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Donald Trump takes steps toward 2016 US presidential run
U[WASHINGTON] Real estate mogul and TV personality Donald Trump took the first steps on Wednesday toward launching a 2016 presidential campaign, a sign the businessman may jump into the Republican race after publicly considering it in years past.
Trump said he had formed an exploratory committee to determine whether to run, and that he had hired staff in Iowa, New Hampshire and South Carolina. Those states will be the first to hold Republican and Democratic presidential nominating contests early next year.
In a telephone interview with Reuters, Mr Trump said he would put his job creation record up against anyone, including the dozen or so Republicans who are considering a White House run in 2016.
"I have been dealing with politicians all my life," he said from New York. "They're all talk and no action, and that's the way it is." Mr Trump, known by the nickname "The Donald," said that as president he would spur job creation, for example, by cracking down on what he called China's manipulation of its currency, a practice he said that lately has been taken up by Japan.
The United States for years has attempted to persuade Beijing to halt a practice that Washington says China uses to depress the price of its exports. "I would be extremely strong on the devaluation of their currency," he said.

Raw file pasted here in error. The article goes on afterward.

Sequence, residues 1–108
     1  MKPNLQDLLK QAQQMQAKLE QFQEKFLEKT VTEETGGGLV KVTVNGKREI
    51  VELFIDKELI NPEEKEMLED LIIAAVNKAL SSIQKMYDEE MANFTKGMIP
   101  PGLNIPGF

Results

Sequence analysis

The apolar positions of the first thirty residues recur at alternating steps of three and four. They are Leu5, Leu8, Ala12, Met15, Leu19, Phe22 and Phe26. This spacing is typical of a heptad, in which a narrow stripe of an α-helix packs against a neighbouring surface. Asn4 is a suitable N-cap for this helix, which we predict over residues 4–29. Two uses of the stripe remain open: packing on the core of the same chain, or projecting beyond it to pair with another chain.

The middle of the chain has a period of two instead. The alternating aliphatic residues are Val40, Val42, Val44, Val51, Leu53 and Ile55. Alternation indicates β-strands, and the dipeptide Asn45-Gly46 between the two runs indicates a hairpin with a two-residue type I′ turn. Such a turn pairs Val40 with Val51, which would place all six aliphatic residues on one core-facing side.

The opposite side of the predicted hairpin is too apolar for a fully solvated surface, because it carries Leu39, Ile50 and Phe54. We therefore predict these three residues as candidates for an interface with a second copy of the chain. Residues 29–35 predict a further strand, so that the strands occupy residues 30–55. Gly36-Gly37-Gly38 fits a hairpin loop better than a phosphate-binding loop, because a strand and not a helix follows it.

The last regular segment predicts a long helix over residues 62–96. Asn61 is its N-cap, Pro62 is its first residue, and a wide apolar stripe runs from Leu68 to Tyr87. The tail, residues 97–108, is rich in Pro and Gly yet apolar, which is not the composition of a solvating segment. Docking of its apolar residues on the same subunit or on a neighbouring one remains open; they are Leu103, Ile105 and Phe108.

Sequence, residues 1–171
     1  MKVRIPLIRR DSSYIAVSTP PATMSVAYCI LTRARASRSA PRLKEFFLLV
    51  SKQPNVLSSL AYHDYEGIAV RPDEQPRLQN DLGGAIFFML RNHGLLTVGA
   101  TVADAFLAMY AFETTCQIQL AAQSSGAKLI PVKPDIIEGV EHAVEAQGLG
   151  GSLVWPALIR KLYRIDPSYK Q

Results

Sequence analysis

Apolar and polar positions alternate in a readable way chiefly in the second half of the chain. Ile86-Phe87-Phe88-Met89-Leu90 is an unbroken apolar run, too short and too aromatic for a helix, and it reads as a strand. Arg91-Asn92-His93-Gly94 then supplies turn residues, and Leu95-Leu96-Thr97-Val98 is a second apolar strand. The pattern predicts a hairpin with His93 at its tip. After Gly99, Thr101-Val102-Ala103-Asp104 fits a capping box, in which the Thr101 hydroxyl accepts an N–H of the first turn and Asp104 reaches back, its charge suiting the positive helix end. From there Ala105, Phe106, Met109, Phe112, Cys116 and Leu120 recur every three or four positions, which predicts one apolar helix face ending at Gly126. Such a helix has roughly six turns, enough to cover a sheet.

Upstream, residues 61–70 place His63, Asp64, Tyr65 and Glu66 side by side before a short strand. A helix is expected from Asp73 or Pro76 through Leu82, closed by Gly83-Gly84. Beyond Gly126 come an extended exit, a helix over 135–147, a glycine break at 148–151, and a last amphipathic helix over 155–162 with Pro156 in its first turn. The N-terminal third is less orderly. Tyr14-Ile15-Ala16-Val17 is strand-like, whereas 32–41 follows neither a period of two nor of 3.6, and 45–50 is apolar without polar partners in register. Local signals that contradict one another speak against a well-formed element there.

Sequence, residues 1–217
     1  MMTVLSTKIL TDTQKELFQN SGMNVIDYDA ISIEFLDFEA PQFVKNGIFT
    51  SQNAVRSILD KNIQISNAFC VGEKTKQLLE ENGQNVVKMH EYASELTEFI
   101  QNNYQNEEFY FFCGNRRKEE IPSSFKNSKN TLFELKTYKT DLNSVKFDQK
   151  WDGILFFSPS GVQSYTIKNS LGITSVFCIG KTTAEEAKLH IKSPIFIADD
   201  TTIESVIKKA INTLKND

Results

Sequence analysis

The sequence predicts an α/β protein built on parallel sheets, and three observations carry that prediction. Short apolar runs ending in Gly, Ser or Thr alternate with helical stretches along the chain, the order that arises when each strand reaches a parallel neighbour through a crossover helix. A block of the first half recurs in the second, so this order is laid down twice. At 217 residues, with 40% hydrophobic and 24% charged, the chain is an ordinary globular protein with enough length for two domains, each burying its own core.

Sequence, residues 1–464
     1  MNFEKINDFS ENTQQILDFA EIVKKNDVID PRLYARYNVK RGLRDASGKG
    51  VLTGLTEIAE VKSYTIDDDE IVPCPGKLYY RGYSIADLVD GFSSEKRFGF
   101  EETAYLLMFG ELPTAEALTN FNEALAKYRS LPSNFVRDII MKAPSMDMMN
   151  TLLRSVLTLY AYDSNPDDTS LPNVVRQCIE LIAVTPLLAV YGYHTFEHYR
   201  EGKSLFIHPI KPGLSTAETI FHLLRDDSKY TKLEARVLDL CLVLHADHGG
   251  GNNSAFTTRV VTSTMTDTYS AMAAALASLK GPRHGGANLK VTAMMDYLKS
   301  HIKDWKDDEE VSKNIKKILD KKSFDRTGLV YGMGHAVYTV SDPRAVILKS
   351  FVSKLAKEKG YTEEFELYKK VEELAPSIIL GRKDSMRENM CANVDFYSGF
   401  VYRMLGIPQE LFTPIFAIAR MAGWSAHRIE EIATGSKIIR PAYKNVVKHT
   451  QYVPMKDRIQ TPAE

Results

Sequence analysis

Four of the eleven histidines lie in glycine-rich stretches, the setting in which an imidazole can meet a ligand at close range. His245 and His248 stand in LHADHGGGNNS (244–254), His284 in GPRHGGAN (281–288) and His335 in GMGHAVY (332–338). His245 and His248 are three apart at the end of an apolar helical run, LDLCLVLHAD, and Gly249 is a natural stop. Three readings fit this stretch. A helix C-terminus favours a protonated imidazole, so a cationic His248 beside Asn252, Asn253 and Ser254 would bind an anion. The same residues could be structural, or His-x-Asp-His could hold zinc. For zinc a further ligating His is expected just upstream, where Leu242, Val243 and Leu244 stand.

Mr Trump also said he would increase security along the US-Mexican border.
Mr Trump, who owns several hotels and hosts the reality show"The Apprentice" on NBC, has toyed with running before but has indicated that this time he is serious about considering it.
A growing list of Republicans is weighing White House runs, including Florida Senator Marco Rubio, South Carolina Senator Lindsey Graham, Wisconsin Governor Scott Walker, former Florida Governor Jeb Bush and New Jersey Governor Chris Christie.
Mr Trump has garnered attention for his sharp criticism of President Barack Obama's policies. But he also ruffled feathers with discredited questions over whether Mr Obama was born in the United States, which led to Mr Obama releasing his long-form birth certificate to end the controversy.
Mr Trump will not renew his contract for The Apprentice while he explores running, according to The New Hampshire Union Leader newspaper. Mr Trump is to go to New Hampshire Thursday to meet with business owners and veterans.